Since the end of World War Two and the beginning of the Cold War, there has been a consistent debate over what to do in terms of subduing and hindering the growth of the nuclear weapon program of the Democratic People’s Republic of Korea (hereafter referred to as North Korea). The rise of North Korea’s nuclear program parallels its escalating tension with its neighbour, South Korea. To hinder further escalation on this subject, six nations have banded together in an attempt to maintain peace on the Korean peninsula: China, North Korea, South Korea, Japan, Russia and the United States of America. That being said, little seems to have come to pass in terms of resolution since the genesis of this collaboration rightfully named “The Six Party Talks.”
It is necessary first to go through a brief background of the six party talks and their subsequent outcomes. The first round of talks in August 2003 brought little result, other than the chairman agreeing that there should be another round of talks. These took place in 2004 and did not yield any tangible results either, except for the attendees declaring that they would act peacefully and meet again. The third round later on in the year had the same result of reaffirming the principles under which the party talks began. It is clear that the general pattern of these talks seems to be that they seldom produce tangible actions. The rounds after the initial ones generally yielded similar results and though some treaties where passed, no significant action was taken.
One of the main issues keeping the the Six Parties from reaching concrete solutions to increasingly persistent problems can be found in conflicting opinions, not between opposing nations, but between allied powers South Korea and the United States. Before the advent of the Six Parties’ talks, different positions made themselves known. Whilst they are steady economic and diplomatic allies, South Korea and the United States have varying opinions on what to focus on with North Korea which have changed over time. Additionally the United States’ and South Korea’s approach on how to confront North Korea vary significantly. The main idea is that the United States wishes to focus on the North Korean nuclear program in the short and long run whereas South Korea worries about an imminent attack. Furthermore, within each respective country, South Korea and the United States, different administrations have held different opinions on the North Korea situation. For instance, in 1994 US president Bill Clinton signed an agreement with North Korea in attempt to return to normalcy and establish diplomatic relations. For the government of South Korea this agreement raised several red flags and it observed the meetings between Clinton and North Korea with considerable suspicion. However, this agreement fell apart with the election of US president George W. Bush, who favoured confrontation over Clinton’s supposed appeasement of North Korea’s actions and growing nuclear technology. Unfortunately, the beliefs of South Korea’s government did not directly line up with Bush at this time and a concrete solution again did not come to pass. The increased diplomatic talks in the early 2000s between South Korea and North Korea did not parallel the US approach to dealing with North Korea. Furthermore, during this time period, the United States and South Korea had to focus on their internal affairs rather than making North Korea their main focus.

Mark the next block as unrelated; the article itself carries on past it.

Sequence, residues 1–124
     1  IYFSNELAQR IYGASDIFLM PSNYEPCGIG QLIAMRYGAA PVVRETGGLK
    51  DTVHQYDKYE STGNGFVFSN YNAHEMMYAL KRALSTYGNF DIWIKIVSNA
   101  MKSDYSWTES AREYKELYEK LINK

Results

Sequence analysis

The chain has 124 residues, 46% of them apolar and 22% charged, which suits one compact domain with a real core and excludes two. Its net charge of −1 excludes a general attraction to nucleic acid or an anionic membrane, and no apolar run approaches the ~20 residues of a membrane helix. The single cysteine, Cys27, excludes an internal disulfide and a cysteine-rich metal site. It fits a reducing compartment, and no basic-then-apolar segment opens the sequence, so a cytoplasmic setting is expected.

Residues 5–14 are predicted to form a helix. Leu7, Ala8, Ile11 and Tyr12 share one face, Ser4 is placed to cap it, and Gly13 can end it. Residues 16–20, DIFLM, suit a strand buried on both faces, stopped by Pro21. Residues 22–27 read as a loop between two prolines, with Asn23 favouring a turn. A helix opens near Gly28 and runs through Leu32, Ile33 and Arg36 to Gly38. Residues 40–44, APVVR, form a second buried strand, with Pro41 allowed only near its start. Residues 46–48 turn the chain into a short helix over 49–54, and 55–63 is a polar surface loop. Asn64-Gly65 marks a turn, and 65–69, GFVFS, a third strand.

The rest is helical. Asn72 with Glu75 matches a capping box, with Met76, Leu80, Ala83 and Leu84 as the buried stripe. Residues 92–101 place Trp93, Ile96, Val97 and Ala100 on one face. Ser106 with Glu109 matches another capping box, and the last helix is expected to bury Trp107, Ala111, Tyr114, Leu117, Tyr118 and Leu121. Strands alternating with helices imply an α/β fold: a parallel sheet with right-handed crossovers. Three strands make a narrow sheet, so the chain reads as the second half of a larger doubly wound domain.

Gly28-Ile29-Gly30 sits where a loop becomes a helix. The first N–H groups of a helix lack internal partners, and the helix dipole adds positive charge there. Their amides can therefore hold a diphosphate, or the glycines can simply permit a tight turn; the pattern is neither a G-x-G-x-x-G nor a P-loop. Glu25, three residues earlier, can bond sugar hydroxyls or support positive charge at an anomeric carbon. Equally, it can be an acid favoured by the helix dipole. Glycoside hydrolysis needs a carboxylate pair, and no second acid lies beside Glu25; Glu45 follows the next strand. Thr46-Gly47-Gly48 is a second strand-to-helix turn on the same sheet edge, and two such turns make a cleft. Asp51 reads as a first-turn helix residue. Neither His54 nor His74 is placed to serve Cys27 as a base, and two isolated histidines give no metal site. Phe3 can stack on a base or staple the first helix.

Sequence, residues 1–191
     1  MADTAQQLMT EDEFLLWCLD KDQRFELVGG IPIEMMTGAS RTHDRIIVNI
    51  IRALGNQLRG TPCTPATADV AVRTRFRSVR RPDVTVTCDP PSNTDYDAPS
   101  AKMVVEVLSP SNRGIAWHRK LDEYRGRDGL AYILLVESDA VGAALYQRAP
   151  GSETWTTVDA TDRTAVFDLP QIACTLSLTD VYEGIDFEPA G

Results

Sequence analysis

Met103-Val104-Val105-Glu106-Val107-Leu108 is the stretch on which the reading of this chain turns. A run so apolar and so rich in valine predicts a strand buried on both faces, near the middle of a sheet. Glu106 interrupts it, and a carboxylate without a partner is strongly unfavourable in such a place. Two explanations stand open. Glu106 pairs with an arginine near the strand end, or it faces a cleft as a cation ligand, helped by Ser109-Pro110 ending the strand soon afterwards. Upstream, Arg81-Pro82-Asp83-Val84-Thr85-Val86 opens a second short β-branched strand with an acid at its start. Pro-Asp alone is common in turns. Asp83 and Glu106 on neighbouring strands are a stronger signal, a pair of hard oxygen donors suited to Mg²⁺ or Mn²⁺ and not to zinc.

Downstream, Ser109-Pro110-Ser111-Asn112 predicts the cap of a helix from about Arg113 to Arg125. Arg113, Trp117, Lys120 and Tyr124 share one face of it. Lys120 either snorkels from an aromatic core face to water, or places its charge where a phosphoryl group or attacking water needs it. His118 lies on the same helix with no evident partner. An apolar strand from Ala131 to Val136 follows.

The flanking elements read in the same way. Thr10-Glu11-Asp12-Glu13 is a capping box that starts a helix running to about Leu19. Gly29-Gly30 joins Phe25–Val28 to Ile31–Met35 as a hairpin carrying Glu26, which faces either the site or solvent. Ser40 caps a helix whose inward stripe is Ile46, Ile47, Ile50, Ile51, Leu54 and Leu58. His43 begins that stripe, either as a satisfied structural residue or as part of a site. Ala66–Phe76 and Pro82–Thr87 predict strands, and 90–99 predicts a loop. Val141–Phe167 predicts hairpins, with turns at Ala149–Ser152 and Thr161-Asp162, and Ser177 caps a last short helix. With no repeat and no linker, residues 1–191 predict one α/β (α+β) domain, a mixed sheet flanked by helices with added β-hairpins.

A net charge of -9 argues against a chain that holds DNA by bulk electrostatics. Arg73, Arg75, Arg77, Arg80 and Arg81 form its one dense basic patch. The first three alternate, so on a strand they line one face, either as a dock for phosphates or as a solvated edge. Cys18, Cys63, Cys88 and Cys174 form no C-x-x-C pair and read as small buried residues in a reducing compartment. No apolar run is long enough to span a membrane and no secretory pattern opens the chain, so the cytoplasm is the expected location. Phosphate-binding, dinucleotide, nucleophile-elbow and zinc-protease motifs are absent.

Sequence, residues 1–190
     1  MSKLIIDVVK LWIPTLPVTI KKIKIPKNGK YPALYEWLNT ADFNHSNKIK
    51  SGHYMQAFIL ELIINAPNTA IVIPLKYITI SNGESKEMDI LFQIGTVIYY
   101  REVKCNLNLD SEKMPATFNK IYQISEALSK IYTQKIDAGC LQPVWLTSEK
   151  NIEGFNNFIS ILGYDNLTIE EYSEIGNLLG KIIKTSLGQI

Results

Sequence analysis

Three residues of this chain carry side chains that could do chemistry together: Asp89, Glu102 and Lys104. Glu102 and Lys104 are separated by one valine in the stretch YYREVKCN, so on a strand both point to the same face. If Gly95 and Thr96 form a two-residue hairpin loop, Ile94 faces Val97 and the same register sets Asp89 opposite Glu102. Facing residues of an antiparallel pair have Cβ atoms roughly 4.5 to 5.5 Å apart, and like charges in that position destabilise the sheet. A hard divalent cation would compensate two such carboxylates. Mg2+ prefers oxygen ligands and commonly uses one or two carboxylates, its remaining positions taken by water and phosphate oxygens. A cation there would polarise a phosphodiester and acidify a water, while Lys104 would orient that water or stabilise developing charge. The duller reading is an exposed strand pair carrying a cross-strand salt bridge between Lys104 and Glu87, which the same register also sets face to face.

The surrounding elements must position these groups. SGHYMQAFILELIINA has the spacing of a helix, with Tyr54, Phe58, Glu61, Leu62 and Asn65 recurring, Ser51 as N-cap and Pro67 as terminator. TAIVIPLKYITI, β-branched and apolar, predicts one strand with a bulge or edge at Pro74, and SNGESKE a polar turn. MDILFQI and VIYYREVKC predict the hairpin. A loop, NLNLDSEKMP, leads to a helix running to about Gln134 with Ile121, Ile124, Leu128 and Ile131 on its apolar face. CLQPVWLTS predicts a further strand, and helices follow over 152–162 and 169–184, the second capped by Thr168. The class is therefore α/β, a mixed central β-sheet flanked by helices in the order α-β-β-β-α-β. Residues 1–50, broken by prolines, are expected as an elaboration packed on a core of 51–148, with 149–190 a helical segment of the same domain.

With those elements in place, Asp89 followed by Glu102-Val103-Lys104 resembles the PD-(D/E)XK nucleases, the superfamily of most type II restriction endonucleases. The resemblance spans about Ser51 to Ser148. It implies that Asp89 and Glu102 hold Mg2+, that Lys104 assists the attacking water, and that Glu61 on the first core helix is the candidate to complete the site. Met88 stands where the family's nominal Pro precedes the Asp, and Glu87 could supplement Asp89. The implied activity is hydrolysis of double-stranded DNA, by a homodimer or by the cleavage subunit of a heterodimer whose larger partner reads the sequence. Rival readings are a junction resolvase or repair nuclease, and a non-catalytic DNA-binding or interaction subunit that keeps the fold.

The consistent usage of the Six Party talks in the 21st has seen South Korea and the United States working harmoniously. That being said, because of their rock-solid alliance, any action that the United States takes on North Korea will have implications for South Korea. For instance the United States’ choice to freeze North Korean accounts in Macau resulted in increasing threats from North Korea to South Korea. The mélange of nations in the Six Party Talks raises concerns as to whether they will ever be able to agree on something in particular.
Currently, despite the six party talks not always having shown the best productivity, it is imperative that a solution comes to pass in the next few months, due to the threat of attack from North Korea on South Korea. Since the death of Kim Jung Il and his succession by his son Kim Jung Un, now the world’s youngest nuclear commander, there has been a resurgence of hostility between the North and South. There is a fear however that, as so often before, the six party talks will not reach an agreement. Every time the US plans to impose sanctions on North Korea and South Korea follows suit, North Korea increases its threats to Seoul, South Korea’s capital. The question is: if North Korea is so persistent in its growth of the nuclear program, how can there be any solution for the situation without using forms of sanction?